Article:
Dealing with low mood; what can help.
We can all experience ups and downs in our lives; it is a natural and normal response to all the different events we are continuously exposed to. A difficult childhood, bereavement, bullying, illness, relationship problems are just some of the reasons why we can feel hopeless and in low spirits. Actually, some people find difficult to identify a specific trigger; being either unaware of it or having more than one direct link to their low mood.
Is there a difference between low mood and clinical depression?
As many other psychological difficulties low mood/depression ranges from a general sadness to a serious long-term condition which can even affect the body.
A general low mood can be also accompanied by:
- low self-esteem
- frustration and anger
Usually a low mood doesn’t last long and will have a tendency to improve after a few days. When a low mood doesn't go away and lasts for months, this could be a sign of depression. The symptoms mentioned above might become more present and intense and one can also experience:
- tearfulness (also sudden, for no apparent reason)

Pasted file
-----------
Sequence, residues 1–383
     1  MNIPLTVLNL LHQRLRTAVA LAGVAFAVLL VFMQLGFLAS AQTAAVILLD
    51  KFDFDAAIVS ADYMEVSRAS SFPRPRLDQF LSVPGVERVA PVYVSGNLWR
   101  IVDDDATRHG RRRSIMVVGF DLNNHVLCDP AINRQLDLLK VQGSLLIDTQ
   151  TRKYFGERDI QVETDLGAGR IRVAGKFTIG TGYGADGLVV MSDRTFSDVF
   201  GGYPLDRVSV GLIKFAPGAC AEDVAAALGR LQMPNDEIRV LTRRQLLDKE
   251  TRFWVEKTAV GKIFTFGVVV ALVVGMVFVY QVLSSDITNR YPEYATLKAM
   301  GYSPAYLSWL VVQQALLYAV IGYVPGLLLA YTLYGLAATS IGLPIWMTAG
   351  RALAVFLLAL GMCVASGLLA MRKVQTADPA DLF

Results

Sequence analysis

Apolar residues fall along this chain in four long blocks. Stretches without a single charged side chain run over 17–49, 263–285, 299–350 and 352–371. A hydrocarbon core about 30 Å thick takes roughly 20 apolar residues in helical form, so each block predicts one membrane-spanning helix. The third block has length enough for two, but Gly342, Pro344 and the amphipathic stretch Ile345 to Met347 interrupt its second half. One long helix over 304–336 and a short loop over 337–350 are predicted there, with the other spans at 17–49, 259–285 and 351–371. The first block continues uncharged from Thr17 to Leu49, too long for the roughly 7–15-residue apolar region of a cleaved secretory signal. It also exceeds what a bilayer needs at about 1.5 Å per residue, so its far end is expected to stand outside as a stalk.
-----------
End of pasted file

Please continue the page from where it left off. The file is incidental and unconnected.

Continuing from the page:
- intolerance of others
- lack of motivation or interest in things
- not getting enjoyment/pleasure out of life
- suicidal thoughts.
Depression can be successfully treated especially if one seeks for help as soon as possible. However, there are some self-help tools to be used when a low mood is not a proper clinical condition but a temporary state of mind.
What can help?
The first basic rule when your mood is low is trying to re-establish a structure that has been temporary lost, therefore it is important to try to have a simple daily routine. The following actions can be useful to manage and better deal with temporary lack of motivation and sadness:
- Getting out of bed, having a shower and wearing comfortable clothes - even if one does not have any intention of going out.
- Set up a very simple, achievable goal for the day. It can be as simple as watching a movie, preparing a meal or taking care of something in the house.
- Try to have regular meals and avoid junk food. In fact skipping meals and/or comfort eating creates a vicious cycle that increases low self-esteem and a sense of being worthless.
- Think about making a small change. It could be resolving a difficult situation, starting something new or doing something one has never done before. Again, it doesn’t need to be complicated - you could buy a new plant, go to a new coffee shop etc.
- Talking about your worries with someone else can simply give you a new perspective.
- Getting enough rest and sleep can improve your mood as well as physical exercise. Regular walking has proved to be a very helpful for people experiencing low mood.
- Breathing exercises, progressive muscular relaxation and guided mindfulness meditation are just some of the very beneficial tools easily available online and for free.
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